The reduction of the pronoun paradigm proceeded at a slower pace than that of nouns, and its geographical direction was different; beginning in the South it spread northwards. The results of this simplification were less drastic than in the noun morphology; two cases fell together — Dat. and Acc. — into what may be called the Obj. case but its distinction from the Nom. case was preserved. In Late ME the paradigm of personal pronouns consisted of two cases: Nom. and Obj.
Cf. the following instances of the OE Dat. and Acc. cases of pronouns used as objects after the verbs sellan ‘give’ and nemnian ‘call’ and similar ME phrases with the verbs given and callen governing pronouns in the Obi. case:
§ 445. In Early NE the syncretism of cases entered a new phase: the Nom. case began to merge with the Obj. case. In the following quotation from Shakespeare you, the Obj. case of ye, is used as the subject, while she, the Nom. case, is an object: You have seen Cassio and she together. Yet the tendency to reduce the case system of personal pronouns was not fully realised. Only two personal pronouns, you and it lost all case distinctions in NE.
The modern pronoun you comes from the ME Obj. case you (OE Dat. ē ow); its Nom. case ye has become obsolete. Recall the use of ye in elevated, poetic style: Arise, ye prisoners of starvation (INTERNATIONALE).
The pronoun it goes back to the ME Nom. case it, OE hit; the ME Obj. case of it, him (OE Dat.) was identical with the form of the Masc. pronoun he, him; it was used in the function of object in ME as a variant of him, as a substitute of inanimate nouns; eventually it displaced him. This replacement reflects the new grouping of nouns into animate and inanimate, which had superseded the division into genders: it, which stood for inanimate things, had to be kept distinct from he, him in both forms — Nom. and Obj.
The loss of case distinctions by these two pronouns did not break up the paradigm of personal pronouns, since the other pronouns have preserved the distinction of two cases, Nom. and Obj. (I — me, she — her, etc.): therefore the non-distinctive forms you and it are merely instances of homonymy in the two-case system.
§ 446. The OE Gen. case of personal pronouns split from the other forms and turned into a new class of pronouns — possessive.
In OE the Gen. case of personal pronouns — like the Gen. case of nouns — was commonly used in the attributive function; its use as an object was rare. Some of these forms were treated like other noun modifiers: they agreed with the head-noun in case and number, while others did not. In ME these pronouns became more homogeneous: they had all lost their forms of agreement and were uninflected. They can be regarded as a separate class of pronouns termed “possessive”.
ME possessive pronouns occurring in the literary texts of the late 14th and 15th c. are given in Table 2. Special note should be made of the pronoun his which corresponded both to he and it and was used in reference to animate and inanimate things, e. g.:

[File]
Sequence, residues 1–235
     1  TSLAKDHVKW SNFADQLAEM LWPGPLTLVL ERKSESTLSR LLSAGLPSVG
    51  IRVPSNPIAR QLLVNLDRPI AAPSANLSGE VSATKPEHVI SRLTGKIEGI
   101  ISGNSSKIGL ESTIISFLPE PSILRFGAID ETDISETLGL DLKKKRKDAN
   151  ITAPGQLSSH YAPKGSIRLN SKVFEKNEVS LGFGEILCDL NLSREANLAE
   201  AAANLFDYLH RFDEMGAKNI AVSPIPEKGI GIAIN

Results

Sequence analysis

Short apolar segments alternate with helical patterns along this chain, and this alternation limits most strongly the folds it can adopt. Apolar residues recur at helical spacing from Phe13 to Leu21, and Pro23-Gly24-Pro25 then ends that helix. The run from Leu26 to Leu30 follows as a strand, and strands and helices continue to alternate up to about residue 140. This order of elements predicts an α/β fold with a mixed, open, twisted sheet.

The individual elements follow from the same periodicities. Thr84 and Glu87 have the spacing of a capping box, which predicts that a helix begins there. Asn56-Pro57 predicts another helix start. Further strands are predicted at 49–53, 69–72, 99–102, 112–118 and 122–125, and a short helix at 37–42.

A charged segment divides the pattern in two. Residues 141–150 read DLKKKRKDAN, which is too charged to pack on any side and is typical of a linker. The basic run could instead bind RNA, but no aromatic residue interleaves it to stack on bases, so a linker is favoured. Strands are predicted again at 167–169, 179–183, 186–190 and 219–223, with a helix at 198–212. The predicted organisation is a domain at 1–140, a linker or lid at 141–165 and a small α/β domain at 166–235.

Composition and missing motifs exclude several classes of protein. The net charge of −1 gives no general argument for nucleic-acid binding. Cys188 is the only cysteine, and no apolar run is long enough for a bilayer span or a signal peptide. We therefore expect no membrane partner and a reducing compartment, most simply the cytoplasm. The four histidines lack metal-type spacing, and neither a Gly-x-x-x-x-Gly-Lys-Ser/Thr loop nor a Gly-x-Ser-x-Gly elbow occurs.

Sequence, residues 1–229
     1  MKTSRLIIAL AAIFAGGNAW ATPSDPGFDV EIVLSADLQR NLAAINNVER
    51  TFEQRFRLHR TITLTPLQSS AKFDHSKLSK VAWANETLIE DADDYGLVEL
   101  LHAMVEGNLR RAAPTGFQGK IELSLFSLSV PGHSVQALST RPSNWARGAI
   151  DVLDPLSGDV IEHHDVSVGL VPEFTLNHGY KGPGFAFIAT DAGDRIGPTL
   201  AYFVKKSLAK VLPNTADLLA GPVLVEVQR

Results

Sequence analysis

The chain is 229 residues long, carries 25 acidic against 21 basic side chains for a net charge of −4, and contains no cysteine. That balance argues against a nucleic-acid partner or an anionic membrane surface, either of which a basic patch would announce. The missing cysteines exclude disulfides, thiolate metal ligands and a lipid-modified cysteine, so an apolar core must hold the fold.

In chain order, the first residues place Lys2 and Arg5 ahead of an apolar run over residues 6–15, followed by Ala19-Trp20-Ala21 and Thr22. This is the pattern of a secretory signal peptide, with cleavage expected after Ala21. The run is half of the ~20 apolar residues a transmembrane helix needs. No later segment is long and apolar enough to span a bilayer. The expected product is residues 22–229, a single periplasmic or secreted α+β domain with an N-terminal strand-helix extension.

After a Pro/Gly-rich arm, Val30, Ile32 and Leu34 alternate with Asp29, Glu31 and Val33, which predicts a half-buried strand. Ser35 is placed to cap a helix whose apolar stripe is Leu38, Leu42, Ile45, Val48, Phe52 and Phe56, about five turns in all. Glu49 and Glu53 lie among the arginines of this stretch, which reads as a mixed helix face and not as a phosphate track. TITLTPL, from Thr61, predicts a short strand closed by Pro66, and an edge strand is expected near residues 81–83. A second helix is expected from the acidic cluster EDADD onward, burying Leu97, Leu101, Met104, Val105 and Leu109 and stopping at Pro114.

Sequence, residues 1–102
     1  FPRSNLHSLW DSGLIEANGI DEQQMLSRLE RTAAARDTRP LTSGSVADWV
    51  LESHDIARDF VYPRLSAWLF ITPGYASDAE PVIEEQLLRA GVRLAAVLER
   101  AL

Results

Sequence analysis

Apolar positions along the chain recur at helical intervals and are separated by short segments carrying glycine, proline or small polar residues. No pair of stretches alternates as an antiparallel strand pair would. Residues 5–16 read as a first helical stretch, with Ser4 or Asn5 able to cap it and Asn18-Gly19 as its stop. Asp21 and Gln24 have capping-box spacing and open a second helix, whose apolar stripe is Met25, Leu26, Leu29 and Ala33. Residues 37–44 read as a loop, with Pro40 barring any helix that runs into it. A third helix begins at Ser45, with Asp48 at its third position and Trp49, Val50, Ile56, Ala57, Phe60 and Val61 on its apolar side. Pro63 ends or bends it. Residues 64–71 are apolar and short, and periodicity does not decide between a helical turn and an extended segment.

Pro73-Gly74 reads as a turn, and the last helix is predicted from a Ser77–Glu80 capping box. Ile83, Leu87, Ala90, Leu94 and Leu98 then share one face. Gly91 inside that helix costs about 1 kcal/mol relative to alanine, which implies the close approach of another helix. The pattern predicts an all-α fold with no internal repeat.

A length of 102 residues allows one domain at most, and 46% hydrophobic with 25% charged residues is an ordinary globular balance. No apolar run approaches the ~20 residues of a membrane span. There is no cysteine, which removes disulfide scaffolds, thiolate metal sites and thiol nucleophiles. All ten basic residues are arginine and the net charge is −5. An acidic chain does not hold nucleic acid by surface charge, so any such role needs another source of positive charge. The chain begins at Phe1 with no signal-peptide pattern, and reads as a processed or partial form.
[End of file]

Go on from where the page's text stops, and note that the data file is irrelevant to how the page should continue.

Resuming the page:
He moste han knowen love and his servyse. (Chaucer)
(‘He must have known love and its service.’)
(For the new possessive pronoun of the 3rd p. pl their see § 440. )
In Early NE there arose a new possessive pronoun its derived from it; its was built on the analogy of the Gen. case of nouns, of the form his or the new variants of other possessive pronouns: oures, yours. Its was first recorded in 1598 but was still rare in the age of Shakespeare, cf.:
The earth can have but earth, which is his due...
... and my trust,
Like a good parent, did beget of him.
A falsehood, in its contrary as great,
As my trust was... (Shakespeare)
Some possessive pronouns had two variant forms in ME: myne/my, our(e)/ours, etc. They could be used in free variation, but the variants in -n were preferred before nouns which began with a vowel, e. g. accepte my bileve ‘accept my belief’ but be myn advocat (Chaucer) ‘be my advocate’ (cf. the similar modern distribution of the two variant forms of the Indefinite article — a and an. )
In the 17th and 18th c. the two variants of the possessive pronouns split into two distinct sets of forms differing in syntactic functions; in modern grammars they are called “conjoint” and “absolute”. At the time of Shakespeare both forms could be employed in the attributive function (i. e. as conjoint pronouns), but only the forms in -s or -ne were used independently, as absolute pronouns. Cf.: thine own deep-sunken eyes, thy unused beauty and ten of thine. Mine ransoms yours, and yours must ransom me. (Shakespeare)
§ 447. The OE oblique case-forms of personal pronouns and the ME possessive pronouns gave rise to one more type of pronouns — reflexive. Reflexive pronouns developed from combinations of some forms of personal pronouns with the adjective self. Their origins are obvious from their modern structures: e. g. myself, ourselves consist of the Gen. case (or possessive pronoun) and the component self; himself, themselves contain the Obj. case of personal pronouns as their first components. (In ME and Early NE reflexive pronouns were not as yet fixed in the schemes familiar today; instances like He clothed him hastily were not infrequent. )